Give Fusion Cuisine Another Chance: Guacamole Borscht Recipe

Fusion cuisine. I said it. If you groaned or turned your nose up, read on.

Borscht with Guacamole Recipe by Melody Fury

Fusion food has a bad reputation, largely due to its alarming soar in the 90’s and early 2000. However, incorporating various cultures’ ingredients, flavours, and cooking techniques was not a novel idea.  Fusing flavours found within geographic proximity has been an integral part of gastro-evolution. Take, for example, Malaysian cuisine’s complex yet balanced flavours that are influenced by Malay, Indian, and Chinese ethnic groups. Or what about the bánh mì, a (dare I say) byproduct of French colonization in Vietnam that’s cherished by many. Unsurprisingly, as the world shrank, the blends also grew more peculiar.

Modern fusion’s flaw lies in the attempt to re-conceptualize it through awkward, nonsensical dishes. What I’m trying to say here is don’t throw the martini out with the lychee-tini (gag). If an experimental combination tastes great, why shun it because it’s considered “fusion”? In the same breath, don’t try to capitalize forcibly on a culinary trend while disregarding its origin.

Here’s my example of an accidental marriage between two unlikely flavours.  I’m a fan of borscht but am slighted by the bright pink colour that sour cream creates. While it provides the necessary creaminess and tanginess, I desired an alternative to dairy.  One day, I was simmering some borscht while The Cowboy was scooping avocados for his fantastic guacamole. “Hmm….” I wondered. I ladled some soup, topped it with some gauc, swirled, and took a bite. On the spot, a Mexi-Ukrainian fusion dish was born and there’s no crime in that.  The zesty lime juice and cilantro lent a complimentary brightness to the substantial soup and the creamy avocado melded beautifully with the beets.  We tossed in a few blue corn tortilla chips and dinner was served.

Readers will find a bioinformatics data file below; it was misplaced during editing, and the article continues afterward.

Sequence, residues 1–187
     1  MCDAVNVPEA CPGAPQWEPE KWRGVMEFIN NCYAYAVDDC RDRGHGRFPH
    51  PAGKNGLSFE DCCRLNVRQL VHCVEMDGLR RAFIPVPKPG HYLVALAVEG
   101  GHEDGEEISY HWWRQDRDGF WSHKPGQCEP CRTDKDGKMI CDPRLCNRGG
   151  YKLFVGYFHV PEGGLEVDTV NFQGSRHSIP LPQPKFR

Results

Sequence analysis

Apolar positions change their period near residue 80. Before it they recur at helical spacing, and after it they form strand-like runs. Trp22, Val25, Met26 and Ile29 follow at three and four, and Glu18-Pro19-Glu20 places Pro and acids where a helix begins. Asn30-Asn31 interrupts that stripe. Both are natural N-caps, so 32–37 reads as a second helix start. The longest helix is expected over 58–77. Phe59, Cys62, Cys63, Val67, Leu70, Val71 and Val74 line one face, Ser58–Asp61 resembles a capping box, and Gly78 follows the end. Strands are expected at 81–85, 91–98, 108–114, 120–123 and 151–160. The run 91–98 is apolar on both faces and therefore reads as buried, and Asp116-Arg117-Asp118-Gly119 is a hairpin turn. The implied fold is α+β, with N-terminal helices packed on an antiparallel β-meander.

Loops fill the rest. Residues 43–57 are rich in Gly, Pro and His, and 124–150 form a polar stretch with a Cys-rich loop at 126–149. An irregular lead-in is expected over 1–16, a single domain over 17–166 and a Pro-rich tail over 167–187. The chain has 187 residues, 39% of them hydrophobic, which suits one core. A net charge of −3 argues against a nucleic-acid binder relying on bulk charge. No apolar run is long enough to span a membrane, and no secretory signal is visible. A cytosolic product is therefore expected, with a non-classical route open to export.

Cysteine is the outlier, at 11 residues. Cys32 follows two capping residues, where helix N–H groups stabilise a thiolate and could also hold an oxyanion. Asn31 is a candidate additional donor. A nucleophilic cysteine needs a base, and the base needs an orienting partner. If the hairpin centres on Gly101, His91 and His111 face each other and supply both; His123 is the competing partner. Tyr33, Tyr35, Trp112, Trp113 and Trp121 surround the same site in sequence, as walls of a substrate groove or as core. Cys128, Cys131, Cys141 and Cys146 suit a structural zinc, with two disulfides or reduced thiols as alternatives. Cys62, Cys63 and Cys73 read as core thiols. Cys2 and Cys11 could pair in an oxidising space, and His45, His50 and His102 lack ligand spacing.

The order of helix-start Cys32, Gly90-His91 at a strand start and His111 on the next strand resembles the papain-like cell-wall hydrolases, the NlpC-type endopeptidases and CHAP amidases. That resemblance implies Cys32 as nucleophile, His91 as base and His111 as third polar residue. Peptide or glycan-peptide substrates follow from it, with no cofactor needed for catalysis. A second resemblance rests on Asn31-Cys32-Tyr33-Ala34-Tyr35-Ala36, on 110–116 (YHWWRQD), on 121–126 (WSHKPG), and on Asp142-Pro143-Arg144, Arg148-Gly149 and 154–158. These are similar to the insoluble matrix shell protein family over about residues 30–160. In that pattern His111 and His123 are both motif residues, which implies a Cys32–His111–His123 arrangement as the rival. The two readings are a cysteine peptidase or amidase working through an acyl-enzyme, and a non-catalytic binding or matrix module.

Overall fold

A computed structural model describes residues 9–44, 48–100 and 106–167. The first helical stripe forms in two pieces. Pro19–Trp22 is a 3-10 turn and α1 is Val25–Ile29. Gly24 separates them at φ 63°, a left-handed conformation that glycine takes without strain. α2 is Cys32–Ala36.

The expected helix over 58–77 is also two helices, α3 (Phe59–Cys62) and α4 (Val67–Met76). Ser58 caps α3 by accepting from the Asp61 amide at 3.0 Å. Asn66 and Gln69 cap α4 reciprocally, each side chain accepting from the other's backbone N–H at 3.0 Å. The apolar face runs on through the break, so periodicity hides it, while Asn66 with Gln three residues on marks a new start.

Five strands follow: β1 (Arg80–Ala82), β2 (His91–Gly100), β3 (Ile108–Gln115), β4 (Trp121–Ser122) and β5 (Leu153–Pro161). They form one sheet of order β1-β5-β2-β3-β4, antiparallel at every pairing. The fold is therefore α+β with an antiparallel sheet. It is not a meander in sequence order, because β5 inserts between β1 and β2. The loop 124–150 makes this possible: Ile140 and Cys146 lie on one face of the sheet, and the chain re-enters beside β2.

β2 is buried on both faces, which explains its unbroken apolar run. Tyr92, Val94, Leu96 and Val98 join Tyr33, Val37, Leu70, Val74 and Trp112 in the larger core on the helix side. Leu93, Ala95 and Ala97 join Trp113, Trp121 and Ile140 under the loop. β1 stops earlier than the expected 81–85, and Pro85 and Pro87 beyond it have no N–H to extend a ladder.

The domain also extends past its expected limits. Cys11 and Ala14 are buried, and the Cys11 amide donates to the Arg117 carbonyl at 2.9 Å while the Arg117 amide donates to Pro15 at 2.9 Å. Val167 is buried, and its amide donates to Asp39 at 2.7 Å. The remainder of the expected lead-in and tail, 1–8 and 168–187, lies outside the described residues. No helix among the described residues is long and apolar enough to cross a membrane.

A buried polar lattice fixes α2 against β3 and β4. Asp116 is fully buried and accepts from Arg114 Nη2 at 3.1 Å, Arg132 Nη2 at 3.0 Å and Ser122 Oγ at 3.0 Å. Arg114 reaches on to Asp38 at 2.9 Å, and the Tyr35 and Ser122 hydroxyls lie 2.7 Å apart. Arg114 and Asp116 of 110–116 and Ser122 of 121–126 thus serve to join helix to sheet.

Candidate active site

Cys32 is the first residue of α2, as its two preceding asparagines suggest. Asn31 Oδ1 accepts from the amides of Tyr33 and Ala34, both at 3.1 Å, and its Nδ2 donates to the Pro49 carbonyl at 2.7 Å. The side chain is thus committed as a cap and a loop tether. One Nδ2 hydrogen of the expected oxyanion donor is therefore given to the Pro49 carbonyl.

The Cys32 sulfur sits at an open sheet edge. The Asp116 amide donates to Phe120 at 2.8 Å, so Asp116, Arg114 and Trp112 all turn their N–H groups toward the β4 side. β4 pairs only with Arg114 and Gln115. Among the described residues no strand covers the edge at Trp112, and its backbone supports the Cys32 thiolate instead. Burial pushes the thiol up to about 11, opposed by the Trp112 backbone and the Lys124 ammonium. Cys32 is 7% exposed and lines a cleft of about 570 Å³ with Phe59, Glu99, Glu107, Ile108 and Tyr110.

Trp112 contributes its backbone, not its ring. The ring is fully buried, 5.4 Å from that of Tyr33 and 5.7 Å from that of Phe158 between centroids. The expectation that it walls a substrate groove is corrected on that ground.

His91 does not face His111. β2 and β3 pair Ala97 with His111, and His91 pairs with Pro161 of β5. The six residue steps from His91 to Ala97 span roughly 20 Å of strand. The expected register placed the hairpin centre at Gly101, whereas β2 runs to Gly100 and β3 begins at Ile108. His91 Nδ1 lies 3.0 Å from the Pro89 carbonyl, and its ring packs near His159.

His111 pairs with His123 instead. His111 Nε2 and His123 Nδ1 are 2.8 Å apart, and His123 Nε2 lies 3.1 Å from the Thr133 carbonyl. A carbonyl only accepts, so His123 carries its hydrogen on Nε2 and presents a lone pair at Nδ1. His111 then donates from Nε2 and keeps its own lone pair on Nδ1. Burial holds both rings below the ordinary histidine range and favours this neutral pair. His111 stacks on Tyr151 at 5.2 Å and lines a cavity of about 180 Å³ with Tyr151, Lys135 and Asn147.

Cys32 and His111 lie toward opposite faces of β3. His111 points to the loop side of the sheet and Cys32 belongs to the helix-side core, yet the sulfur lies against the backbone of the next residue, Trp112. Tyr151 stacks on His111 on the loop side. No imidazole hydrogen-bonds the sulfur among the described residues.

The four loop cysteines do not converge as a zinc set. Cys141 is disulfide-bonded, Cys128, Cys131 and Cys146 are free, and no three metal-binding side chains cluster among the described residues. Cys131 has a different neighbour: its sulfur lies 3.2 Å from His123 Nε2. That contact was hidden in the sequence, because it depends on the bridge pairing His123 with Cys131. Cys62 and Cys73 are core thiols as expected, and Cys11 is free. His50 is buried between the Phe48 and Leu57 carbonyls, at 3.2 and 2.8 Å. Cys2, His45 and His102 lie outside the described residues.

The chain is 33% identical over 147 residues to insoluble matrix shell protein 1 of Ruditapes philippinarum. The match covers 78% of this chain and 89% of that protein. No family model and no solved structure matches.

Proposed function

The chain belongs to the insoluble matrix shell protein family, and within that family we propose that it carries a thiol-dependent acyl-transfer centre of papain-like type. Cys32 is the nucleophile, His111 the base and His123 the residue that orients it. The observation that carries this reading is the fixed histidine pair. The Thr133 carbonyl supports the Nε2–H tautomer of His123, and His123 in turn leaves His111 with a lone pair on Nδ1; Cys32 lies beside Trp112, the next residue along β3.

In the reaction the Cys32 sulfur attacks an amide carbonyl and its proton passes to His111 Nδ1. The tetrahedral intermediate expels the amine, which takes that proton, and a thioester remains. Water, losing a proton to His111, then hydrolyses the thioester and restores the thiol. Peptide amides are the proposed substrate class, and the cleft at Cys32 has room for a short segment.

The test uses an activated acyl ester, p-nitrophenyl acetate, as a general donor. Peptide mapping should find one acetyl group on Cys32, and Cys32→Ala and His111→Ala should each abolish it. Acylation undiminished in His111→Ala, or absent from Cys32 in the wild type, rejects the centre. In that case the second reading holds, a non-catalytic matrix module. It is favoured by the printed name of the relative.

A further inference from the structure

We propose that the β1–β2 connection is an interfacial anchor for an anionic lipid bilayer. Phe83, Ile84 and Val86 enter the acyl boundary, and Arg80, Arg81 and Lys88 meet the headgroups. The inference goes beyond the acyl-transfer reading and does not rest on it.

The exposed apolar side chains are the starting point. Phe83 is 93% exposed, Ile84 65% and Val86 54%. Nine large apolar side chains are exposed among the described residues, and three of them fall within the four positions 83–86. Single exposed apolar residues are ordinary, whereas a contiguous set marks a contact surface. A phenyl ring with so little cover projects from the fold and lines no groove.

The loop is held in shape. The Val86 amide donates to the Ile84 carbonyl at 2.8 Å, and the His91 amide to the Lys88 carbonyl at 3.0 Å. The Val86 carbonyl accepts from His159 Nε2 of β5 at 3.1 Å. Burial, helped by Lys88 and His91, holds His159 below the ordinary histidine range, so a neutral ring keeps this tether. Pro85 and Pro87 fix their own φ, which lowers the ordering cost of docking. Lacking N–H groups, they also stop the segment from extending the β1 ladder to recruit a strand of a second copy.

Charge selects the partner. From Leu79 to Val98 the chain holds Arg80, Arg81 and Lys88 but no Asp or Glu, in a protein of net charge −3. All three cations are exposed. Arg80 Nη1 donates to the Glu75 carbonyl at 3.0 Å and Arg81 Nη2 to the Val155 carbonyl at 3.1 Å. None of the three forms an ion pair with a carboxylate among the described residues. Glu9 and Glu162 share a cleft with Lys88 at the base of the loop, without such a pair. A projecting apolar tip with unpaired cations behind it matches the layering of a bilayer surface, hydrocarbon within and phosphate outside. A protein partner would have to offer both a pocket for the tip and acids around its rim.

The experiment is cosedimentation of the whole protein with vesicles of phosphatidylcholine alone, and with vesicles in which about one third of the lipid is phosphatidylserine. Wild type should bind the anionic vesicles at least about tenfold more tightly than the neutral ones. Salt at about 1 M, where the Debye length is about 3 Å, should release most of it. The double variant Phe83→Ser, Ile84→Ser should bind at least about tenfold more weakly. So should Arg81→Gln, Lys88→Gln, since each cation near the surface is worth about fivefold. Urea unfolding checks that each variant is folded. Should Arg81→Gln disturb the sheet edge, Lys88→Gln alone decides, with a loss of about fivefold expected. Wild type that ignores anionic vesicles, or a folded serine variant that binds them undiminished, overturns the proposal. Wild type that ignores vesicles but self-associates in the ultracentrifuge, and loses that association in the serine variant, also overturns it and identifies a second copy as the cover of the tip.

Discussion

What are some of your favourite fusion dishes?

Borscht with Guacamole Recipe by Melody Fury

Borscht with Guacamole Recipe


  • 2 lbs beef bones with meat attached (e.g. neck, shank, ox tails)
  • 4 red beet roots, peeled and diced
  • 4 large tomatoes, peeled *, seeded, diced
  • 2 stalks of celery, cut in half
  • 2 carrots, peeled and diced
  • 2 onions, cut in half
  • 1/2 head of cabbage, sliced thinly
  • 1 small can of tomato paste (12 oz)
  • Tie in cheesecloth: 2 bay leaves, 8 black pepper corns, 4 cloves of garlic
  • 4L water
  • Salt and pepper
  • Guacamole

* Peel tomatoes: score an X on the bottom of the tomato. Dunk in boiling water for 30 seconds or until skin loosens. Peel


  1. Throw everything except the cabbage and guacamole into a stock pot.  Bring to a boil.  Turn the heat down and simmer for 2 hours with lid on but slightly ajar. Skim the fat and scum that floats on top periodically.
  2. Remove and discard the celery, onion, and cheesecloth sachet. Remove beef bones, separate meat from bones. Discard bones and chop the meat up.
  3. Return the bones to the pot, along with cabbage. Add more water if necessary. Simmer until cabbage is tender.  Taste and season with salt and pepper.
  4. Serve piping hot with a dollop of guacamole on top, with a side of corn chips.


  1. April 05, 2011 by Spencer

    I’m sure this would be popular with the vegetarian crowd too if you made it without the beef! Every vegetarian I know loves beets and guacamole!

  2. April 05, 2011 by Phanyxx

    That looks delicious! I won’t lie, I automatically assume ‘fusion’ food is going to suck. Sometimes you need someone to remind you to keep an open mind..

  3. April 06, 2011 by Jerry (CbsoP)

    I agree totally. I’ve been playing with concepts and flavors from different cultures lately. Things like corned beef “nachos” and black bean hummus with bacon and cilantro. Fusion is great if the ingredients make sense together, it’s thrown off when you attempt to take mutually exclusive flavors and combine them.

    You and the Cowboy keep up the great work!

  4. April 15, 2011 by Ling

    NYC is overrun with fusion restaurants, but if done right, the blend of different “unexpected flavors” provides an amazing dining experience. This borscht recipe looks really good – glad you made the hot version. I’m not a fan of the tangy pink cold borscht; it was actually the only dish ever that I couldn’t finish at a restaurant.

  5. April 22, 2011 by Anonymous

    Very Nice! Would like to try it out someday.


  6. May 26, 2011 by Jerry Ko

    I love fusion foods if done right 

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